The report relies heavily on the heavily flawed conclusions of the "Blue Ribbon" Panel's Report on Why Baseball Needs Your Sympathy. That report is notorious for relying on playoff wins as a measure of success, meaning that the 2000 White Sox and Giants, two very successful low-payroll teams, were considered complete failures, no better than the 69-win Twins of the same season. The Blue Ribbon report and the Minnesotans for MLB report both point out that high-payroll teams tend to dominate the playoffs, which confuses the causality of the relationship and ignores all the free-spending teams that have missed the playoffs in recent years.
Indeed, the Twins' continued success this year--still going strong with two wins against a strong A's team over the weekend--belies the committee's repeated mantra that the team cannot compete with a small payroll. Baseball's economic structure isn't perfect, but it's quite clear that it isn't broken. Low-payroll teams can succeed.
That revenues drive on-field performance, but that on-field performance does not drive revenues.
The committee has no qualms about repeatedly claiming that the Twins cannot compete without revenue assistance, but the report does not mention even once that the Twins' revenues are depressed because the team has been so bad.
At one point, the report includes a table, showing the franchise's attendance figure in each of its years in Minnesota, and it reveals something the committee conveniently neglected to address. From 1987 to 1993, the Twins drew more than two million fans in every year but one (1990, their first year below the 80-win mark after 1987), including more than three million in 1988. Contrast that with 2000, when the team failed to reach 70 wins for the second consecutive year and thus barely reached a million fans. A tripling of attendance would add at least another $12 million to the Twins' annual revenue, assuming that ticket prices don't rise (which they would, obviously) and that other local revenues don't change.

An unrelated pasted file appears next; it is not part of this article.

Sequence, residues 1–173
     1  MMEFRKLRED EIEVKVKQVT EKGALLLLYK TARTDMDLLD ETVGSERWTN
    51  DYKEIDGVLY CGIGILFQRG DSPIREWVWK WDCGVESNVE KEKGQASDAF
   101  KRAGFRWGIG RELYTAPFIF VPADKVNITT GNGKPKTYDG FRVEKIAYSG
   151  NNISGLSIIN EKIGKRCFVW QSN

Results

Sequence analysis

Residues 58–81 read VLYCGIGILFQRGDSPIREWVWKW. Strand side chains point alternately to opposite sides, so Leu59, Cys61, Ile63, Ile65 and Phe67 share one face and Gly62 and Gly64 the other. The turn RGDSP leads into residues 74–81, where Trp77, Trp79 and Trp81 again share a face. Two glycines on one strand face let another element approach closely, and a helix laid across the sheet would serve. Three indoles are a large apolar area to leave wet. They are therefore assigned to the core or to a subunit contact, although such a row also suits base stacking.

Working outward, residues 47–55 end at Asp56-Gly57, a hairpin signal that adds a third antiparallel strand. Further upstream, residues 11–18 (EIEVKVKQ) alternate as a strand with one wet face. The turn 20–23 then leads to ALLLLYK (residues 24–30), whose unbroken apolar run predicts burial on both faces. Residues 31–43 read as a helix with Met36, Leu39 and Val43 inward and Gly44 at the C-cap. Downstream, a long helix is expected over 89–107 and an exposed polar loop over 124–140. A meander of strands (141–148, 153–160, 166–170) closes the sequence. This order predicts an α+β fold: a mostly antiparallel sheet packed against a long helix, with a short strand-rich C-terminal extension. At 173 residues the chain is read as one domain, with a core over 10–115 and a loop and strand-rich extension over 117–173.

The committee later bemoans the Twins' relatively low local revenue totals since 1996, but omits comparable data from the aforementioned 1987-93 period, when local revenues from advertising, television, and radio contracts, and other sources, were likely significantly higher relative to other teams in the majors.
Indeed, the committee repeatedly confuses the direction of the revenue/wins relationship. In commenting on the success of teams that received new ballparks in the 1990s, the report makes two mistakes: It only looks at the attendance total in the first year of the new ballpark, before the novelty has worn off, and it doesn't mention the fact that all of the teams that moved into new ballparks before 2000 were good teams at the time of the move. We'll see how crowded PNC Park is next April when Act II of the Cam Bonifollies opens on the North Side.